meet our teachers
Sixth Grade Earth Science Teacher
Deal Middle School
Whittier Education Campus
Fifth Grade Teacher
Burroughs Education Campus
2006: Began teaching in New York City Public Schools
2009: Joined DCPS
2010-11: Served on the Chancellor’s Teachers’ Cabinet
2011: Awarded a Rubenstein for Highly Effective Teaching
I’m so excited to be part of the bigger movement that’s happening in DCPS, because that’s what’s best for kids.
What brought you to DCPS?
I loved teaching in New York City, but no one really ever told me how to become a better teacher. I felt like my impact was within my classroom and my grade. I was looking for more – to broaden my impact without leaving the classroom.
How does DCPS give teachers a voice?
I believe DC’s new structure with the LIFT ladder and the Chancellor’s Teachers’ Cabinet gives teachers a voice. I could still be in the classroom but my voice could be heard on bigger issues, like teacher evaluation and closing the achievement gap.
Teachers feel valued because their voices are heard. I actually feel like people are listening to me.
What excites you about teaching in DCPS?
I love teaching, I love my classroom, and I’m so excited to be part of the bigger movement that’s happening in DCPS, because that’s what’s best for kids.
1998: Began his teaching career in Maryland
2010: Joined DCPS
2012: Earned a Highly Effective rating on IMPACT
2012-13: Served as a DCPS LIFT Ambassador
I wanted to have my name go down in history as part of DC’s push for reform.
What brought you to DCPS?
After teaching for 12 years in Maryland, I thought, "You know, I need a change." I was looking for a new challenge.
I saw something on the news that talked about this push for reform in DC. They said your zip code should not matter in terms of whether you get a quality education. And I said to myself, "Wow. Wouldn't it be great to be a part of this initiative?" I wanted to have my name go down in history as part of that.
What is it like to teach here?
When I got here, the principal, the teachers, and the parents were all so inviting. Many teachers have an open door policy. I can go in and get advice and strategies to actually use in my classroom. Their support was especially helpful for my work with younger kids, since I had only taught in high schools before coming to DCPS.
How does DCPS support your growth?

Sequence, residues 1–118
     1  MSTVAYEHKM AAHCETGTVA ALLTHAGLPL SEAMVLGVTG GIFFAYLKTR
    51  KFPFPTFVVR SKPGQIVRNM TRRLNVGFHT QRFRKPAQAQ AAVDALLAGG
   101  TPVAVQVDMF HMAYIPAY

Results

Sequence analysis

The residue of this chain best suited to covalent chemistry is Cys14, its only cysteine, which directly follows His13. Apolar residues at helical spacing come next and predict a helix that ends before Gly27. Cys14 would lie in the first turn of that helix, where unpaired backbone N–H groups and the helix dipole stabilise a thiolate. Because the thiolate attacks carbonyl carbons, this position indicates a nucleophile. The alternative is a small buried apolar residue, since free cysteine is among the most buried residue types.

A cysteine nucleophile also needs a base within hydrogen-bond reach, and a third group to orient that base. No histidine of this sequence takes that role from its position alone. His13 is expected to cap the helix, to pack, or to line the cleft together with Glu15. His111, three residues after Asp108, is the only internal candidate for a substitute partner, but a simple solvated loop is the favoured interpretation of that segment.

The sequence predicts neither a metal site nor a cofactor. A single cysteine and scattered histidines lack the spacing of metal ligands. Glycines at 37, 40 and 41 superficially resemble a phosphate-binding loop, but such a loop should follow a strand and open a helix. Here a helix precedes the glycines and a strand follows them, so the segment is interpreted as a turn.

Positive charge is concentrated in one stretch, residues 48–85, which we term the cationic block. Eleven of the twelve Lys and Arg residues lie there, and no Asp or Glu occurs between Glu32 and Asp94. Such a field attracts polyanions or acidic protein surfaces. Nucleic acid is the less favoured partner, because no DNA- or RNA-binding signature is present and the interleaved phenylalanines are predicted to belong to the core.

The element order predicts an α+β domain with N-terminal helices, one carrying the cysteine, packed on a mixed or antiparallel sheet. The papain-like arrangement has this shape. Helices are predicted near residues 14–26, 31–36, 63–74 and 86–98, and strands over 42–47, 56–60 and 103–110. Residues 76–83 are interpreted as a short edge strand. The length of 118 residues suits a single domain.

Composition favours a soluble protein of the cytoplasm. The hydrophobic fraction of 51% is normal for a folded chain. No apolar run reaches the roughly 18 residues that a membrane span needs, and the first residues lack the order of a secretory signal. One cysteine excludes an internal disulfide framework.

I appreciate that DCPS constantly pushes us to get better as teachers. I'm not content to just tread water. I want to continue to absorb more information because that makes me a better teacher. I definitely think that the tools are here for us.
2001: Began her teaching career at DCPS
2007: Mentored teachers through the DC Teaching Fellows
2012: Earned an Excellence in Teaching Award
2012: Named DCPS Teacher of the Year
We are trying as hard as we can to become the best school district in the country, and there’s evidence of that in every single school.
What was DCPS like when you started teaching here?
When I joined DCPS 11 years ago, it didn't seem like much was happening to increase student achievement. Priorities were different from school to school and from teacher to teacher. So many teachers really wanted to do well by their students, but there was never a lot of time put into defining what good teaching looks like.
How has DCPS changed in the past few years?
There's been a lot of emphasis placed on what exactly it means to teach a concept effectively: how do you know a student has grasped that skill, what are your questions to push them to delve deeper? DCPS is pushing the importance of strong curriculum, but allows us more freedom in what tools we use. That’s what I’ve always wanted.
Where is DCPS headed?
DCPS’s direction is promising because it's showing students that, as a district—teachers, principals, and administrators—we are really dedicated to working towards their achievement. The message we’re sending is, “DCPS is trying as hard as we can to become the best school district in the country,” and there's evidence of that in every single school.